Our ability to help our patients often depends on technology, and one of the most useful technologies to come along in recent years is optical coherence tomography. OCT is now very commonly used by both ophthalmologists and optometrists as a means to have additional documentation of the nerve fiber layer status. Some doctors are using it to measure macular thickness and assess the status of glaucomatous damage. It can help us confirm that the visual field defect we found is not an artifact, or conversely, reveal that the structure is undamaged, so the visual field abnormality is an artifact. Sometimes OCT findings also help to reassure the patient by showing him concrete evidence that the extent of the loss is very small, or perhaps very extensive, which might make him more inclined to accept more aggressive therapy.

In the past, many doctors used instruments such as the GDx and HRT for this purpose, but today the vast majority rely on OCT instead, for several reasons. For one thing, OCT data is cross-sectional and not interpolated. The HRT uses certain floor and ceiling patterns to extrapolate the thickness of the optic nerve rim and related data; the GDx generates data by measuring polarization. In contrast, OCT gives you the actual thickness of the tissue—a real structural measure. Secondly, OCT can give you information about multiple structures, including the nerve fiber layer, optic nerve head and macula. In contrast, the GDx can only give you information about the nerve fiber layer and the HRT can only give you information about the optic nerve head.

The end result is that doctors are now making decisions about whether or not to treat—and how aggressively to treat—based on information provided by OCT instruments. But as our reliance on this technology increases, so does the cost of missing errors or overlooking shortcomings inherent in the technology. That makes it crucial for doctors to understand that OCT instruments have potential pitfalls. If we aren’t educated about these issues, we’re going to be led astray, to the detriment of our patients.

Red & Green Disease

I’m seeing the consequences of this type of error more and more frequently. People are referred to me for glaucoma diagnosis when there is absolutely no glaucoma, simply because an OCT scan was abnormal. And I’m seeing patients who have glaucoma but were told they did not have any disease because their OCT results appeared to be normal. In both situations the doctor failed to realize that artifacts were affecting what the instrument showed.

“Red disease” occurs when an OCT mistakenly identifies an area or eye as abnormal. Here, the thinner RNFL of a high myope doesn’t conform to the limits identified by the normative database and is thus colored red.
When doctors are misled by false negatives or positives on OCT, we call it “red disease” or “green disease.” Red and green are colors used by the OCT machines to identify abnormal and normal; yellow is border-line. Red disease is when the OCT mistakenly indicates that something is abnormal; green disease is when the OCT data shows no sign of abnormality, but the eye is, in fact, in trouble. Many clinicians take OCT results at face value, so seeing red automatically gives them pause, while green reflexively encourages them to proceed, reassuring them that everything is normal.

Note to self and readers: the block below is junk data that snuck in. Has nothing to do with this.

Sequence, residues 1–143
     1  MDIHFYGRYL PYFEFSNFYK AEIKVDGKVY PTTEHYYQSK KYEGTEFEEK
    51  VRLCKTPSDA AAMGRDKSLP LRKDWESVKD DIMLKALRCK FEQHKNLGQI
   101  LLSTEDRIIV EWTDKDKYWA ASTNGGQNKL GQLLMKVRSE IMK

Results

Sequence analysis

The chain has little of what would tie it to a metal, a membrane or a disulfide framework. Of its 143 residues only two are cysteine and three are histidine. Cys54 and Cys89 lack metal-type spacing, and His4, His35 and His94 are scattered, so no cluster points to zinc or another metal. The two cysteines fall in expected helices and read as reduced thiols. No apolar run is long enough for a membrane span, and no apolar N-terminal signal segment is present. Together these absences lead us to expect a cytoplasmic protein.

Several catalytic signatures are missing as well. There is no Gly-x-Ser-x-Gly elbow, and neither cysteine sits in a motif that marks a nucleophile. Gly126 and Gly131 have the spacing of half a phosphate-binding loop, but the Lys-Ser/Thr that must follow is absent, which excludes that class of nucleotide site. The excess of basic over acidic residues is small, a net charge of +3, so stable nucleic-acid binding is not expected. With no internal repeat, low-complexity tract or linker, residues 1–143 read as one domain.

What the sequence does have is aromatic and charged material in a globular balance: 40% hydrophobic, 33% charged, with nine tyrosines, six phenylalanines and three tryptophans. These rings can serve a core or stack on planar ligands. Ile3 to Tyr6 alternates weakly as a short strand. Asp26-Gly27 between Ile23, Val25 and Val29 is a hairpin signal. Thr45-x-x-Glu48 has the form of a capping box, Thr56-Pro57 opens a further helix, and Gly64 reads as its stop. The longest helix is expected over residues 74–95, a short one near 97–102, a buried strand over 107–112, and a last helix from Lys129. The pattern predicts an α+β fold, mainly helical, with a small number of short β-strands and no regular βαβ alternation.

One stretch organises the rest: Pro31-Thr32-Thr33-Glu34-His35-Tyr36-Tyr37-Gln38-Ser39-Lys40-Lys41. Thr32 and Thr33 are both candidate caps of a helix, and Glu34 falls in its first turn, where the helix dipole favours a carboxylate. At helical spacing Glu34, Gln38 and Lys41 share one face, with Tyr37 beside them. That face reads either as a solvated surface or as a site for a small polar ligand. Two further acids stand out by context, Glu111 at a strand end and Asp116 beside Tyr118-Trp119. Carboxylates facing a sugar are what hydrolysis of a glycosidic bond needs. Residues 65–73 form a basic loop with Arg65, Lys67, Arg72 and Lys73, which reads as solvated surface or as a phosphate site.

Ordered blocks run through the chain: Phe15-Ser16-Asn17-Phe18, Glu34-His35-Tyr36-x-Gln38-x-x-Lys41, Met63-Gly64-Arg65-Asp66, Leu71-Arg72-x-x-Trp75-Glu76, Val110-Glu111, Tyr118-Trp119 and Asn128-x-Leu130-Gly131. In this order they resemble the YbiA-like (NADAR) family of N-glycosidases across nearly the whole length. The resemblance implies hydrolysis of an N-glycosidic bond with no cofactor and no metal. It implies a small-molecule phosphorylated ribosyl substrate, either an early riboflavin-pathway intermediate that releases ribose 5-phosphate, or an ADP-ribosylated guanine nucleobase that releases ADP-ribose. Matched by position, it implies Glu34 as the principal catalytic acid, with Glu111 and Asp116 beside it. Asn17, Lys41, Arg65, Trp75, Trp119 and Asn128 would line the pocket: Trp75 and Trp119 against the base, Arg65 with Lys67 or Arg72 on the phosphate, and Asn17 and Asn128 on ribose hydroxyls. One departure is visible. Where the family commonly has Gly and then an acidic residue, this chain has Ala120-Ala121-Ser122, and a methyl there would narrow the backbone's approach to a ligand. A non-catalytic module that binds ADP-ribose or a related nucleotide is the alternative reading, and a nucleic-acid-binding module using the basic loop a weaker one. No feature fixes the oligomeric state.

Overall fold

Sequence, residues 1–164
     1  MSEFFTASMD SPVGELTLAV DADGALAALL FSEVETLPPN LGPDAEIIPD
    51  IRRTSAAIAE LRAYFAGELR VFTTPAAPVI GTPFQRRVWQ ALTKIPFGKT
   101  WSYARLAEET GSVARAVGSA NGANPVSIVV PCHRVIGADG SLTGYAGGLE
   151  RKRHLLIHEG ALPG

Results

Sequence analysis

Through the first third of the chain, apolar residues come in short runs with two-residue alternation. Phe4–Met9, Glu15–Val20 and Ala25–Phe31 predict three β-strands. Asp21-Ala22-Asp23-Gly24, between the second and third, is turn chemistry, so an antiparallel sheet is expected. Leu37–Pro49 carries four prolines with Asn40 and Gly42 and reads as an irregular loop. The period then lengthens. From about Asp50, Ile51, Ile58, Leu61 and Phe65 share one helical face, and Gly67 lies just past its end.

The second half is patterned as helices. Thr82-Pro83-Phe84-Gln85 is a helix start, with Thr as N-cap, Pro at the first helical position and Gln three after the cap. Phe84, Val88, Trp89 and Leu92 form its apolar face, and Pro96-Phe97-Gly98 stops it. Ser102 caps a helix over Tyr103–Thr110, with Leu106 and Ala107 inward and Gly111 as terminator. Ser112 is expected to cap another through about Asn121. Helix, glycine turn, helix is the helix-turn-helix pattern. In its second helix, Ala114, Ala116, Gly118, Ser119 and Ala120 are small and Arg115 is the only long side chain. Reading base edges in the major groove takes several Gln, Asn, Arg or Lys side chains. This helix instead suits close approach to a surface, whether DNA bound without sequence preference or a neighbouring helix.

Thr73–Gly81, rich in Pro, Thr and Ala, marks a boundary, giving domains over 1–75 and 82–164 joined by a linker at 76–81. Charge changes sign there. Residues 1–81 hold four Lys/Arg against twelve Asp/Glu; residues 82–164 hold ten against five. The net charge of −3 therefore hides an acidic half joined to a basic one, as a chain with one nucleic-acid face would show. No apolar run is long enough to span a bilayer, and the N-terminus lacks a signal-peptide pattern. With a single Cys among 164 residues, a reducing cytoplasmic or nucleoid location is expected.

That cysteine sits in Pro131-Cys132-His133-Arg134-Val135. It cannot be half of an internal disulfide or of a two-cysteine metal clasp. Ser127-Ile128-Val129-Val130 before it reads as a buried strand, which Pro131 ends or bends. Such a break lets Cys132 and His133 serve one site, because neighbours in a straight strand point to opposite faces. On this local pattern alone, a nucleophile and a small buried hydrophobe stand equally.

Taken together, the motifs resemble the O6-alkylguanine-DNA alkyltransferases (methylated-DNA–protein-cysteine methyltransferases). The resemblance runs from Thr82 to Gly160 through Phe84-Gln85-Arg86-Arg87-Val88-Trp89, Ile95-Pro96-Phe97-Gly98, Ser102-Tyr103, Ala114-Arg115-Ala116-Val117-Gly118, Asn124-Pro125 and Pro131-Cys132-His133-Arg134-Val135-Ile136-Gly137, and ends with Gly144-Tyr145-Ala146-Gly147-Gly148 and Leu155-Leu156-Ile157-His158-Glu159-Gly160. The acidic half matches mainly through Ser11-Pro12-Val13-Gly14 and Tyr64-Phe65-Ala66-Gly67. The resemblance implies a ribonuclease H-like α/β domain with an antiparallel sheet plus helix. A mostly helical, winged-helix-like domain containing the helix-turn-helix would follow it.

In fact, there are many things that can lead to erroneous results from these instruments. For starters, these are average assessments made by the computer software, and they’re based on normative databases. Normative databases are not exhaustive; they’re usually based on 300 to 500 patients. The patients in the normative database do not necessarily include high myopes, high hyperopes, children or members of different races.

 The most common OCT problem, in terms of comparison to normative databases, comes from refractive extremes, especially high myopia. High myopes’ measurements tend to fall outside of the normal range, showing up as red. On the other hand, small focal areas of damage in any eye often show up as green because the instrument averages the thickness in a particular sector. The average is often within the normal range, despite the focal loss. So the whole printout is green, giving the impression that there is no damage present.

Unless there’s a concerted effort to train people to take artifacts into consideration when interpreting the data from these instruments, we’re going to have a lot of patients being treated unnecessarily—and a lot of patients who don’t get treated when they should be.

Types of Artifacts

The artifacts that we’ve encountered most often fall into these categories:

• Acquisition-dependent artifacts. These are caused by the person who is acquiring the images. The operator, for example, may not place the ring measurement of the nerve fiber layer concentric with the optic nerve. If the ring is placed eccentrically, so that it cuts across the edge of the optic nerve, then the measurement will not read as normal. The way to avoid this problem is to have the doctor look at the raw images to make sure that the data collected is good enough to produce accurate results. The difficulty is that doctors have a limited amount of time; they can only look at so much data per patient in the clinic. However, a false report is even more time-consuming in the long run, so this really does need to be added to the doctor’s responsibilities. The doctor should look at the raw data in front of the patient, on the computer screen, as a matter of course. He can make sure it’s correctly acquired, instead of simply accepting it at face value.